June 10 2016
Film seemingly about learning to drive is about a lot more…
THIS is about an unconventional ‘romance’ and is the sort of story that will have many who don’t fit into particular groove nodding very appreciatively.
It’s about two people probably in the autumn of their lives, but still wanting the most from it – and why the heck not?
That one of the leads (Sir Ben Kingsley) plays Darwan, a Sikh taxi driver/driving instructor, is commendable in itself (when we don’t see enough of these characters centre stage, as it were) and the culture and faith are nicely handled – though some might squirm a tad at Darwan’s backstory of torture in Punjab.
Patricia Clarkson plays Wendy, a book critic, who has lived much of her life in her head, and as her marriage breaks up she finds solace with Kingsley, who has eccentricities and is quite diffident, more so around women you suspect.
This is not a romcom in the conventional sense though, and there’s no predictable story arc…
In fact, one of its undoubted strengths is its authenticity and its delicate pacing. At around 90 minutes, it’s succinct and deftly executed.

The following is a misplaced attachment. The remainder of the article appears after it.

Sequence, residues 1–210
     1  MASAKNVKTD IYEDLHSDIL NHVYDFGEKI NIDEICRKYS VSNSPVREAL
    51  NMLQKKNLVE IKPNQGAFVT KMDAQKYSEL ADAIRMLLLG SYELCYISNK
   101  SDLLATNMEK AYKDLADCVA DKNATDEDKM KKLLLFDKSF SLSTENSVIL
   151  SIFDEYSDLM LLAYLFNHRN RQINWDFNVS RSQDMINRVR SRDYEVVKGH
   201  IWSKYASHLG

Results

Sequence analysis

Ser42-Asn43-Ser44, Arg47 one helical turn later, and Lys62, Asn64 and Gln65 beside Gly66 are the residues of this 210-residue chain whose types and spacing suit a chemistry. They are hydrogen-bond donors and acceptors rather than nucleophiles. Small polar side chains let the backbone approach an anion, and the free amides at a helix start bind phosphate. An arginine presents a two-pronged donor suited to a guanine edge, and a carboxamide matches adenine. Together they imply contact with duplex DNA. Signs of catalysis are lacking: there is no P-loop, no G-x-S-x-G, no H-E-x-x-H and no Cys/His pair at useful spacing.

It’s also based on a true story – it might be very New York, but it does show that we can sometimes connect with people – whom on paper we actually have very little in common with and whom we wouldn’t really imagine any sort of relationship, suddenly emerging into a new light.
Kingsley and Clarkson are good together – Darwan Singh Tur is well-drawn, he has foibles and there is one small inconsistency which we can probably overlook.
Upright, earnest, and sincere, he lives with a group of Punjabi men who are, as the parlance goes, ‘undocumented’. It seems strange that he should put himself at risk like this, but perhaps his loyalty to his brethren is very strong (and very Punjabi).
Kingsley’s accent is a little odd at times, but he carries off the character really well: he does embody a certain nobility and sacrifice, and it’s very compelling – and when around Clarkson, quite charming and subtly seductive.
You want this rather tortured, exiled, emotionally damaged Sikh driving instructor to melt Clarkson’s icey, seemingly intellectual heart but life is never that simple, is it?
Gentle, wise, and funny, you can see why it’s done well on the festival circuit and had a good run in North America and has now come here.
Spanish-born US-based director Isabel Coixet is something of a rising name too; having directed Kingsley and Clarkson before in “Elegy” (2008) – she keeps things for the most part light and airy here, but opens enough for those who want a deeper analysis to go there.
There’s a lot to like here – and it’s the sort of film intelligent and maybe mature (in terms of disposition, not years) folks should be championing.
ACV rating: ***¾ (out of five)
‘Learning to Drive’ is on release in the UK from today (June 10)